Nautilus International general secretary Mark Dickinson has added his name to an open letter which highlights Merchant Navy Day and draws attention to the continued plight of seafarers around the world due to the crew change crisis.
The letter, which appears in the Daily Telegraph, has been signed by maritime industry and naval leaders. It calls on the public to celebrate the past and current contributions of merchant mariners while also informing them about the 300,000 seafarers still trapped aboard their vessels.
This is part of the Union’s effort to address ‘sea blindness’ among the public, many of whom do not realise the extraordinary contribution that seafarers have made to keep the country functioning during Covid-19. The text of the letter is as follows.
Today is Merchant Navy Day. The annual Merchant Navy Day service at the Merchant Navy Memorials, Tower Hill, and the Annual National Service for Seafarers, administered by charity Seafarers UK, at St Paul’s Cathedral in mid-October, are cancelled.
Early Lockdown panic buying caused shortages. Supermarkets and suppliers did their best to steady the ship and soon most of us could again buy essential goods. One reason that was possible was the same reason it’s been possible for our having uninterrupted supplies of most things for most of our lives – merchant ships continued to bring goods to our ports 24/7/365.
Some 95% of UK trade by volume (75% by value) comes and goes by ship. Merchant seafarers are often unsung heroes in our nation’s story, for their ships bring goods and energy supplies to our islands, whatever the weather or circumstances. Over 30,000 merchant seamen lost their lives in the Second World War (a death rate higher proportionately than in any of our armed forces), merchant ships carrying the food, fuel, armaments and troops essential to victory around the globe.
The seven seas are an unforgiving environment and, while sailors sometimes enjoy calm seas and a prosperous voyage, heavy seas, storms, hurricanes and danger are ever present – over one hundred merchant seafarers died last year. Early this year cruise ships were at the centre of another storm – Covid-19.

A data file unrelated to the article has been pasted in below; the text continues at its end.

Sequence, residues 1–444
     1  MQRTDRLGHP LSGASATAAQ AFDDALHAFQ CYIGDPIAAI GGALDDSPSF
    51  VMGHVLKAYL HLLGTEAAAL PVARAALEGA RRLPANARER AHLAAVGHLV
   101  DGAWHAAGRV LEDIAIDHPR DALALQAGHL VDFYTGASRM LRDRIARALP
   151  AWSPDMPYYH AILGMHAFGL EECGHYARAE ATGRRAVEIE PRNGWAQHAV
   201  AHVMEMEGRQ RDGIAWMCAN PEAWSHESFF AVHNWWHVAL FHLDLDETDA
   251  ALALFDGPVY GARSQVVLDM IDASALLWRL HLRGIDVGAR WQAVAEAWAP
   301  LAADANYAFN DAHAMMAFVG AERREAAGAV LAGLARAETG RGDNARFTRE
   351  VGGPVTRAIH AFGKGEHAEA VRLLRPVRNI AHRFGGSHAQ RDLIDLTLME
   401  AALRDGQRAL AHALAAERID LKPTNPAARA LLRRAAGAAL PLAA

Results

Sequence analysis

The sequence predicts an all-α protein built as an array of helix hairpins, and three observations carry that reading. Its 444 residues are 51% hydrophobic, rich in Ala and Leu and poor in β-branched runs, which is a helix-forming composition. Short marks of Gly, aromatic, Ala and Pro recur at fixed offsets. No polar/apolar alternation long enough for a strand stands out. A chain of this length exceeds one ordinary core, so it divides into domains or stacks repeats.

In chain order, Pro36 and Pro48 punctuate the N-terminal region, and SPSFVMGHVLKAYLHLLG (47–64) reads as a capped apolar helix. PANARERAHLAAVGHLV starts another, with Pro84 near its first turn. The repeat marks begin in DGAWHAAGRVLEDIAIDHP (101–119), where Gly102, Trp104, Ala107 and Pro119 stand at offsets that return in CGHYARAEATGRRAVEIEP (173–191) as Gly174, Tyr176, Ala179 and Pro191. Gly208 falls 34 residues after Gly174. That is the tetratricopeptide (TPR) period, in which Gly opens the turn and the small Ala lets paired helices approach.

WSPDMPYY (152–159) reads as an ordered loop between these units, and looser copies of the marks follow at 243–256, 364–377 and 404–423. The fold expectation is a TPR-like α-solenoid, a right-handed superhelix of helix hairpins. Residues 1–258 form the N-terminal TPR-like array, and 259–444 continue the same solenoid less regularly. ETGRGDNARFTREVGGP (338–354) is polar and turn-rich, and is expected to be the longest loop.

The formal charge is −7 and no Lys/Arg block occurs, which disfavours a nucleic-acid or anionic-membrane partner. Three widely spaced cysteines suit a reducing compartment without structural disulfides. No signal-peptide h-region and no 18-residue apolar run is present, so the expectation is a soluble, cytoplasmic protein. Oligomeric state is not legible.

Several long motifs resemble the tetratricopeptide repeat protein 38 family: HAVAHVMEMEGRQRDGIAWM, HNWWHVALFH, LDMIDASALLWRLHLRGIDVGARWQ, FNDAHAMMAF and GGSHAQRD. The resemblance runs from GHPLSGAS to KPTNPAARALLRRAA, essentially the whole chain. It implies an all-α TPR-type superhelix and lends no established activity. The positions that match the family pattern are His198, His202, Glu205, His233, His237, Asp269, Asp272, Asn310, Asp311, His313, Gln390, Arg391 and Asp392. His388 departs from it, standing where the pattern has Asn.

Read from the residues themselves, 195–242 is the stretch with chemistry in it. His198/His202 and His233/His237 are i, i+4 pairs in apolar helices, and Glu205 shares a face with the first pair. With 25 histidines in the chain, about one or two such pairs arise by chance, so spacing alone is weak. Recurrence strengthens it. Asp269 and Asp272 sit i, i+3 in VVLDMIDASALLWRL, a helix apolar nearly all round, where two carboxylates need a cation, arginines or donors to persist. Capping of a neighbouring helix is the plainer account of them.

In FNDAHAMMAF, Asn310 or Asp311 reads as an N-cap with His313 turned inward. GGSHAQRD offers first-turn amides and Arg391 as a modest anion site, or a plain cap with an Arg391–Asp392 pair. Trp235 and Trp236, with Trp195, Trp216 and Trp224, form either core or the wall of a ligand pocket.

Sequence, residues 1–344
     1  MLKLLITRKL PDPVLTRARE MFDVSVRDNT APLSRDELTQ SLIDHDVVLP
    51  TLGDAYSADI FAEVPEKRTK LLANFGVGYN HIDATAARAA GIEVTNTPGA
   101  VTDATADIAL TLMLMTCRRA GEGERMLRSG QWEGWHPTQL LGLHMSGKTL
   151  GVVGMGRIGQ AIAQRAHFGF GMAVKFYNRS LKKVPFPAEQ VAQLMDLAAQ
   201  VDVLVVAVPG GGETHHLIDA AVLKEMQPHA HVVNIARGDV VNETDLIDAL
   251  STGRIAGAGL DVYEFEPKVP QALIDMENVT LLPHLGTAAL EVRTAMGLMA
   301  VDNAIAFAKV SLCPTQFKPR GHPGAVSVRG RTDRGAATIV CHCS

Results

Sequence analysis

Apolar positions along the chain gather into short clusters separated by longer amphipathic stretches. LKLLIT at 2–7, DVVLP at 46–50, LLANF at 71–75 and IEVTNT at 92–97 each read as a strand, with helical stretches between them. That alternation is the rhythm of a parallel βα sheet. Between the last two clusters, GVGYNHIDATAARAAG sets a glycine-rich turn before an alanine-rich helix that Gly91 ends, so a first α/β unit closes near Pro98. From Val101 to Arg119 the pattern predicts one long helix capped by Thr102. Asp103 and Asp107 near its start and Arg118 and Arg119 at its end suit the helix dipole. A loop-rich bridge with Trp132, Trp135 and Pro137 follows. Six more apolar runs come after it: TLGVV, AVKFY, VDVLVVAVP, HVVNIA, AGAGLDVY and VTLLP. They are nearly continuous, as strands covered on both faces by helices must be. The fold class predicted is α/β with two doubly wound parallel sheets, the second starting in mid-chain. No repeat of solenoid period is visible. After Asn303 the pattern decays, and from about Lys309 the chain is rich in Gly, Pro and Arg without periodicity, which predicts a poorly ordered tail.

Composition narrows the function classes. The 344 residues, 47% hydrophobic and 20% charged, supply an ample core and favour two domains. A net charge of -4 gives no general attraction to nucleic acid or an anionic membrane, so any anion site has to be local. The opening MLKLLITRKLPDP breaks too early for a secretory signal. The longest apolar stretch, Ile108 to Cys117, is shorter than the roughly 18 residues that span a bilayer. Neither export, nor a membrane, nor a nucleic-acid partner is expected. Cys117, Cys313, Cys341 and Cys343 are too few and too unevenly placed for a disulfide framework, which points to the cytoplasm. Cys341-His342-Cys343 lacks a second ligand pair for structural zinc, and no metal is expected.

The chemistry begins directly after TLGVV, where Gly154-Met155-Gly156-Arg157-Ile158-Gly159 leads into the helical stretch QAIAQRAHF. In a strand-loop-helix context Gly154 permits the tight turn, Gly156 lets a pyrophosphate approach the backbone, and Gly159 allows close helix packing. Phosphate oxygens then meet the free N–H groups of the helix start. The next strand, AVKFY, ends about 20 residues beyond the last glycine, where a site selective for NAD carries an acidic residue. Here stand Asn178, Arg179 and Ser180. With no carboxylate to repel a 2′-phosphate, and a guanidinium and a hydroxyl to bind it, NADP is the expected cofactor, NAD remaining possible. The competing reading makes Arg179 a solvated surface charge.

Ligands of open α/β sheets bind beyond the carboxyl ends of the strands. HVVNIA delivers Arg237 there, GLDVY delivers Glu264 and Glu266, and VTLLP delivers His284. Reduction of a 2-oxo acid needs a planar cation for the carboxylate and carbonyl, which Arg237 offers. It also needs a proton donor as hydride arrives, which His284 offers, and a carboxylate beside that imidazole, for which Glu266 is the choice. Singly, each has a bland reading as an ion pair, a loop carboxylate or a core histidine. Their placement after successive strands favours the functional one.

Over fifty thousand other ships – bulk carriers, general cargo, specialist and container ships, tankers, ferries and trawlers – have, however, continued to ply the seas, wearing our Red Ensign or Blue Ensign or flags of other seafaring nations. Twenty million containers are crossing the globe right now. Of the world’s 1.6 million merchant seafarers some 300,000 are stuck at sea, unable to leave their ships, world travel restrictions denying routine crew changes.
For many seafarers life is hell right now, without them your life might be hell too. Let’s salute Merchant Seafarers – our essential workers at sea.
Mark Dickinson (General Secretary, Nautilus International)
Rear Admiral Jeremy Larken (Managing Director, OCTO)
Vice Admiral John McAnally (National President, Royal Naval Association)
Captain Justin Osmond (Chief Executive, Shipwrecked Mariners Society)
Guy Platten (Secretary General, International Chamber of Shipping)
Commodore Bob Sanguinetti (CEO, UK Chamber of Shipping)
Richard Shuttleworth (President, The Old Pangbournian Society)
Catherine Spencer (CEO, Seafarers UK, King George’s Fund for Sailors)
Rear Admiral Bruce Williams (Editor, The Naval Review)
Commander Giles Collighan (Hon Secretary, The Anchorites)
Rear Admiral David Snelson (Chief Harbourmaster, Port of London, 2006-11)
Commodore Barry Bryant (Director-General, Seafarers UK 2002-2019)
Commodore Michael Clapp (Commodore, Amphibious Task Group, Falklands War 1982)
Michael Everard (Prime Warden, Shipwrights’ Company, 1971-72)
Commodore Jamie Miller (Naval Regional Commander, Wales and Western England 2004-2017)
Commodore Ronald Warwick (Commodore, Cunard Line 1990-2006)
Captain Malcolm Farrow (President, The Flag Institute)
Captain Malcolm Smith
Lieutenant Colonel Ewen Southby-Tailyour
Commander Mike Evans
Commander David Hobbs
Commander Sharkey Ward
Lieutenant Colonel Ian Berchem
Lieutenant Commander Jamie Black
Lieutenant Commander Mike Critchley
Lieutenant Commander Bob Eadie
Lieutenant Commander Lester May
Dr Anthony Wells
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